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26th 2012
Colorado Initiative’s Early Success Raises the Math and Science Bar (Gulp)

Posted under Grades and Standards & High School & Sciences & Teachers

I occasionally get accused of being some kind of verbal prodigy. Less often do I get asked about my math and science skills. And frankly, it’s fine with me not to go there. But I get the scope of the problem associated with not enough students qualified and ready for careers in science, math and engineering. And so does the National Math and Science Initiative (NMSI), which I told you about last December.

The difference is NMSI is doing something about it — something remarkable and effective, something that has begun taking off in Colorado, as their new 4-minute video shares: Continue Reading »

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24th 2012
K-12 Education System as Jobs Program? Let’s Agree on Something Better

Posted under Innovation and Reform & Research & School Choice & School Finance & Teachers

In a lot of the debates Colorado has had about school funding (and more are sure to be had), the question lurking in the back of my mind is: What do we want our education system to be? What do we want it to do? Well, a new study from the Friedman Foundation for Educational Choice sends a blunt message about one key thing the education system in at least 47 states has been: a jobs program.

The School Staffing Surge highlights a couple facts that would probably stun the average parent or other taxpayer:

Between FY 1992 and FY 2009, the number of K-12 public school students nationwide grew 17 percent while the number of full-time equivalent school employees increased 39 percent, 2.3 times greater than the increase in students over that 18-year period. Among school personnel, teachers’ staffing numbers rose 32 percent while administrators and other staff experienced growth of 46 percent; the growth in the number of administrators and other staff was 2.7 times that of students.

Continue Reading »

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23rd 2012
Parent Trigger Concept Doesn’t Need Discrimination against For-Profit Operators

Posted under Elementary School & Parents & Public Charter Schools & School Choice & Urban Schools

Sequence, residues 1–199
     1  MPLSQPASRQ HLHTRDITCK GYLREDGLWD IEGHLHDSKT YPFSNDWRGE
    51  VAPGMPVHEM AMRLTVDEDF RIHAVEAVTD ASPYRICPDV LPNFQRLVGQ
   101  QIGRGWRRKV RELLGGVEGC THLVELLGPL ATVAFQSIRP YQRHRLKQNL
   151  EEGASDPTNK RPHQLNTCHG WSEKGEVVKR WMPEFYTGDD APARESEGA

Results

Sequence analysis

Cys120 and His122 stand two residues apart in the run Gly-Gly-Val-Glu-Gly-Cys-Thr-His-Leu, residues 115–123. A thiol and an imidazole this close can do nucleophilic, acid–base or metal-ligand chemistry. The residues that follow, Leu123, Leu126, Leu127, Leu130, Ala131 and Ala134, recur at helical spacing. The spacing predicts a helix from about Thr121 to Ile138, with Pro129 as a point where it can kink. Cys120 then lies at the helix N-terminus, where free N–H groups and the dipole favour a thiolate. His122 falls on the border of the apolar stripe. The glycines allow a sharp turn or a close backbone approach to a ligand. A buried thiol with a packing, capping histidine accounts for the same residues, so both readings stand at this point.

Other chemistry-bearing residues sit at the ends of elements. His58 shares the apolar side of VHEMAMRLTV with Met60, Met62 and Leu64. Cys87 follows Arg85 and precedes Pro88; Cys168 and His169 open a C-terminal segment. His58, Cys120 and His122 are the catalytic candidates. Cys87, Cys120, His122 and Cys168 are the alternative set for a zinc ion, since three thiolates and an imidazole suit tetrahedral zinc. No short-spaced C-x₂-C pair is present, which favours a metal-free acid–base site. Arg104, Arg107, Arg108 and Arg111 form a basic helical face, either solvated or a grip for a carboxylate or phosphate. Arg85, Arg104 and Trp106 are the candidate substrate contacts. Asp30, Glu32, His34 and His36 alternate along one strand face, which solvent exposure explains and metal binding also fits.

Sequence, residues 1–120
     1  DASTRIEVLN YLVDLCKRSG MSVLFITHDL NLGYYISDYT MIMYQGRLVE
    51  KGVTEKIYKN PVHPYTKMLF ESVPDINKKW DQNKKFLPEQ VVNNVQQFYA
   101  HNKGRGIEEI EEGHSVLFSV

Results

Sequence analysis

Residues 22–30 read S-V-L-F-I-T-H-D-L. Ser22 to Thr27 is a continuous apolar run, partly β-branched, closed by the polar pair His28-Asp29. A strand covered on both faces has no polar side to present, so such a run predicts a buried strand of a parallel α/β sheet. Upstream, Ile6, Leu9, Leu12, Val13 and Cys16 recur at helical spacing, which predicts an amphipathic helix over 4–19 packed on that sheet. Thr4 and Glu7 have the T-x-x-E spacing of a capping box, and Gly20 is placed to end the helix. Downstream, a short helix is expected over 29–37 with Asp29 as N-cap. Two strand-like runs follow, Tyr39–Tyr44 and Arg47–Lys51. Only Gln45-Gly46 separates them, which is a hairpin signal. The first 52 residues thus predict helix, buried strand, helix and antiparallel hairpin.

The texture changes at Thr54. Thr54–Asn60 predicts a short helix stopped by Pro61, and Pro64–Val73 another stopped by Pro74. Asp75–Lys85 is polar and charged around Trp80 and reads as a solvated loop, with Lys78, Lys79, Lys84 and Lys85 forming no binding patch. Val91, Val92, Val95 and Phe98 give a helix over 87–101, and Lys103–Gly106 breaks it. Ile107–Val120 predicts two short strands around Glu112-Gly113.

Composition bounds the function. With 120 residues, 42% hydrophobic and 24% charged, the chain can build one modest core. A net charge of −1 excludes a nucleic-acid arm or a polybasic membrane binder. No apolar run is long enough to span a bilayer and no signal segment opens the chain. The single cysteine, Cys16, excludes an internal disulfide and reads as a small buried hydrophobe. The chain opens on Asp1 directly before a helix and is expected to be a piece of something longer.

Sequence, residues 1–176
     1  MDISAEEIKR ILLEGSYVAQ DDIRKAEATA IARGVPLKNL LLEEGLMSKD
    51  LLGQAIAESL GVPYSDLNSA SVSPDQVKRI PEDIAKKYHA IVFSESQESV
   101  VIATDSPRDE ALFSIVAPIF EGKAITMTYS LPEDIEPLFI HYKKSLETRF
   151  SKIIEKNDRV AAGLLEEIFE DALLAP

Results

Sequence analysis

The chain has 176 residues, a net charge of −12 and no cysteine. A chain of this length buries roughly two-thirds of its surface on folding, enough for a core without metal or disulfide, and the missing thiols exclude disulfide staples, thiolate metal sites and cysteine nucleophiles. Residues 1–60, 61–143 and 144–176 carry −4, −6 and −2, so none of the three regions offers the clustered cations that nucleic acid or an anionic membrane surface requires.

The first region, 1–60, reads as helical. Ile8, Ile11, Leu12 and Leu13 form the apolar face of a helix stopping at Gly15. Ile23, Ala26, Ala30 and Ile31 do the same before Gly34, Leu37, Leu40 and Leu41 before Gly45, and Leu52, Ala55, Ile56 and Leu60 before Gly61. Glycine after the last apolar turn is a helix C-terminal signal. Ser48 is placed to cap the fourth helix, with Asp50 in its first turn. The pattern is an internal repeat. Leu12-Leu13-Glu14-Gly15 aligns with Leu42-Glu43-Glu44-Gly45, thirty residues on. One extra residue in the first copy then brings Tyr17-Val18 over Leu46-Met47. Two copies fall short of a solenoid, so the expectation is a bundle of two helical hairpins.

A few weeks ago I shared with you about a “parent trigger” debate triggered by the release of the movie Won’t Back Down. In that discussion, New Schools for New Orleans’ Neerav Kingsland argued that “the best parent trigger is parent choice between non-governmental school operators.”

Yesterday another division erupted in the “parent trigger” discussion between two supporters of the concept and the legislation. Conservative ed reform guru Rick Hess says liberal supporters lost him when they “needlessly attacked for-profit charter providers in a cheap effort to score political points.” Apparently, it’s okay to empower parents to choose to turn around their children’s failing school, but then limit their choices to operators who won’t seek to make some money along the way?

In a state next door to Kingsland’s, we learn that 35 failing schools are eligible to be converted by a parent petition through Mississippi’s new “parent trigger” law. Meanwhile, parents at California’s Desert Trails elementary are getting ready to select an operator for the school’s conversion process.

As Hess points out, Parent Revolution executive director Ben Austin would not be inclined to let those parents choose an operator who happens to be a for-profit entity. Families should have access to a full range of choices to help improve educational outcomes and brighten their futures. Just exactly how this kind of discrimination is helpful to students and parents is beyond me.

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22nd 2012
Antonucci Deconstructs Chicago Teachers Union President’s Post-Strike Answers

Posted under Edublogging & Education Politics & Teachers & Urban Schools